Parkers overall rating: 4 out of 5 4.0

Volvo XC60 performance is about both on and off-road, plus the balance between acceleration and fuel consumption. Choice will also be affected by what type of driving you do and your annual mileage, so consider this when deciding whether to go for petrol or diesel.

Petrol engines

The only petrol engine in the XC60 range – a 3.0-litre T6 – is the least popular as its fuel consumption is just 24mpg while CO2 emissions of 284g/km make it expensive to tax. It's smooth and powerful, plus with 304bhp on tap it reaches 62mph in just 7.3 seconds, but the diesels make far more sense.

Diesel engines

The 163bhp 2.4-litre with the six-speed manual gearbox, delivers a 0-62mph time of 10.4 seconds, while the D5 diesel is actually the same 2.4-litre, five-cylinder engine, but has been tweaked to produce 215bhp plus more pulling power. As a result it manages the 0-62mph benchmark in 8.4 seconds while returning 50.4mpg (with the manual gearbox and stop-start).

However, in mid-2009 a front-wheel drive version badged DRIVe was introduced which uses a 175bhp version of the 2.4D, but with considerably better fuel consumption (47mpg) and lower emissions, plus feels a little more responsive. Meanwhile the D5, which remains an all-wheel drive model, is upgraded to 215bhp offering quicker performance.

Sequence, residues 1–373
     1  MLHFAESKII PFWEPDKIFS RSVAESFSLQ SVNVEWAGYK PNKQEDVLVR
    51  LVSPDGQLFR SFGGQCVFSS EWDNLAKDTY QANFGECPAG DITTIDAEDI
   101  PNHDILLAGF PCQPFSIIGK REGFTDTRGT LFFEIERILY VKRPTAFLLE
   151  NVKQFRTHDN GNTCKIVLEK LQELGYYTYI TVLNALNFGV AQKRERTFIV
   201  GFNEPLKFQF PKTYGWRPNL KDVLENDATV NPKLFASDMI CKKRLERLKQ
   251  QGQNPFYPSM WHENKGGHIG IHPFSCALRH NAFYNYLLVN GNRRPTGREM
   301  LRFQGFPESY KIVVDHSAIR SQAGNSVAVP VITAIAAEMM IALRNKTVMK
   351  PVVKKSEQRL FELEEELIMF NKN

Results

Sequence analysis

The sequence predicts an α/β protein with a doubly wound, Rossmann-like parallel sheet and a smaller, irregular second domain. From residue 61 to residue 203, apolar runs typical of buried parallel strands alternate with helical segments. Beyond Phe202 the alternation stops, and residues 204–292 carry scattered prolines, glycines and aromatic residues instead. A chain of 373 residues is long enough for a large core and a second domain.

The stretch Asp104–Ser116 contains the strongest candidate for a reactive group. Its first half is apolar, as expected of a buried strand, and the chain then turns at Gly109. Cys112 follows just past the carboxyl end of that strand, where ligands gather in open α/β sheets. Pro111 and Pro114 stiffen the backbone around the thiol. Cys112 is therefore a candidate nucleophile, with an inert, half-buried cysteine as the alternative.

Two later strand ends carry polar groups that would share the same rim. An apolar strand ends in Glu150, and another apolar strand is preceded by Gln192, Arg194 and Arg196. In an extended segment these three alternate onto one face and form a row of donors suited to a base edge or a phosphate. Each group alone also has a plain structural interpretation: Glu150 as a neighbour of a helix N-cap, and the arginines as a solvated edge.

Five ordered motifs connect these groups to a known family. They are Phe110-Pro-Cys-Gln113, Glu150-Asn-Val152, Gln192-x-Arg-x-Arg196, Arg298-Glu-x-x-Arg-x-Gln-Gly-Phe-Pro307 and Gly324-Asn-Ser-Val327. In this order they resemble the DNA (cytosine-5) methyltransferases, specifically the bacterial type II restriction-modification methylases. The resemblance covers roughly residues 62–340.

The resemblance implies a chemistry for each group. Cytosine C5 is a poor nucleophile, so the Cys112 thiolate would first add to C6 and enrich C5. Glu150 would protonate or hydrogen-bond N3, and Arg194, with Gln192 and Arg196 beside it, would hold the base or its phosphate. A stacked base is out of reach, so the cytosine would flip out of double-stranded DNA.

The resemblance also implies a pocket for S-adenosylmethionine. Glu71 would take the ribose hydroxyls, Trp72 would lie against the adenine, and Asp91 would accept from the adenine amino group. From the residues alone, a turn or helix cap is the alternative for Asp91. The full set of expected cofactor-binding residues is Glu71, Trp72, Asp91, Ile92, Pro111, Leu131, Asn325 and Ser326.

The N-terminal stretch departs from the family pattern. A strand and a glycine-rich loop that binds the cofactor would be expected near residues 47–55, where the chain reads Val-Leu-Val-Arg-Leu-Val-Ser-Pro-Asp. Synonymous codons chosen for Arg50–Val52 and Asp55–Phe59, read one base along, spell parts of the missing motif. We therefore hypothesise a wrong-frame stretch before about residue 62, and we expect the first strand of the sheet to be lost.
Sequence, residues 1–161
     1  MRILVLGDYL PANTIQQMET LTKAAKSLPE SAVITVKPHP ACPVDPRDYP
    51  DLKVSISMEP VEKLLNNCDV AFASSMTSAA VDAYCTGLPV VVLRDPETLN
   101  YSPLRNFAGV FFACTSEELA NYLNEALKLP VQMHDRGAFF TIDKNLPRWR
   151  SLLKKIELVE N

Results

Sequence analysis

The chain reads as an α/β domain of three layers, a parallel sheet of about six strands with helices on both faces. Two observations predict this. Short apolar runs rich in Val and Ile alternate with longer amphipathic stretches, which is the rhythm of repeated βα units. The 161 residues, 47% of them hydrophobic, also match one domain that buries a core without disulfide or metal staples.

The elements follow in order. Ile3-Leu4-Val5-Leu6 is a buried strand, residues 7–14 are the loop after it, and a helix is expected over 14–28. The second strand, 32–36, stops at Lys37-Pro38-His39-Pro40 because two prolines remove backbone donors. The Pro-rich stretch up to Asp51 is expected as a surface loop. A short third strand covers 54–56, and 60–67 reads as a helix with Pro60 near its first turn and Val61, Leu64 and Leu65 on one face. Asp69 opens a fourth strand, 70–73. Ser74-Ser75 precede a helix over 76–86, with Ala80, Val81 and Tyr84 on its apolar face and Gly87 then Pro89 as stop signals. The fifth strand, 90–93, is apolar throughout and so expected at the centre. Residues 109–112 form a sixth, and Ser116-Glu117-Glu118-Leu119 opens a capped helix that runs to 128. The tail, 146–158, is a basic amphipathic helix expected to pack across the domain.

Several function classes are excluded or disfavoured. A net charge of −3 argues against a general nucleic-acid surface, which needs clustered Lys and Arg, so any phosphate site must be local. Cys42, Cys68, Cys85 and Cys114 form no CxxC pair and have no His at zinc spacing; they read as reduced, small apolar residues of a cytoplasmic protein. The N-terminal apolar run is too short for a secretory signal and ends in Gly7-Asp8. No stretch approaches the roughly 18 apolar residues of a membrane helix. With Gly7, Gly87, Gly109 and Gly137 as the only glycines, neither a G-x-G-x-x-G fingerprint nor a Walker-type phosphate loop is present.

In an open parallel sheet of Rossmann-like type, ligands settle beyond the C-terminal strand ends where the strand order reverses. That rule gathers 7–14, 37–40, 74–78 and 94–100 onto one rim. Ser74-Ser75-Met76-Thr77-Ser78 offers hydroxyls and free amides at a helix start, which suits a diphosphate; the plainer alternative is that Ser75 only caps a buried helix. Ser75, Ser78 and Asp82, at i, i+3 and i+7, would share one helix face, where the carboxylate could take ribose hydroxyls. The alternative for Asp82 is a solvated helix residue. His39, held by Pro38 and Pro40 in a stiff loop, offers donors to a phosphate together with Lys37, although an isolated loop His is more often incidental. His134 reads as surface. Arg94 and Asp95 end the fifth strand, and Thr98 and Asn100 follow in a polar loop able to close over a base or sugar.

A six-speed automatic Geartronic transmission is available as an option and suits the refined nature of the XC60. However, while it offers smooth changes it can sometimes be hesitant to kickdown and isn't ideal for demanding driving.

Volvo also added the 2.0-litre, four-cylinder D4 turbodiesel at the beginning of 2010. This engine has 163bhp and only a little less pulling power than the 2.4-litre D4 engine. It offers the same 49.6mpg economy as the five-cylinder 2.4-litre motor, but it’s a shade quicker from 0-62mph, taking 10.3 seconds.

Parkers recommends

The 215bhp D5 turbodiesel is the best of all worlds as it delivers strong acceleration but the same carbon dioxide emissions and better economy (50.4mpg) than the less powerful diesel motors. A six-speed automatic Geartronic transmission is available as an option and suits the refined nature of the XC60. However, while it offers smooth changes it can sometimes be hesitant to kickdown and isn't ideal for demanding driving.

Volvo describes the XC60 as coupe-like to drive but, while there's no doubting that it's better than many smaller off roaders, it's perhaps not as sporty as the carmaker makes out. Body roll is kept well in check through corners and grip levels are good, while the all-wheel drive system means traction is excellent - especially out of slow corners or roundabouts.

But the steering, though well-weighted, lacks feel and can be a little slow - in corners it requires more turns than you'd expect of a supposedly sporty car. That's not to say the XC60 can't cope with twisting roads and it certainly doesn't feel like a 4x4 to drive. An optional active suspension system called Four-C is available, which alters the ride settings between comfort, advanced and sport.

The R Design versions, introduced in late 2009, have stiffer suspension and more direct steering, making them better in corners.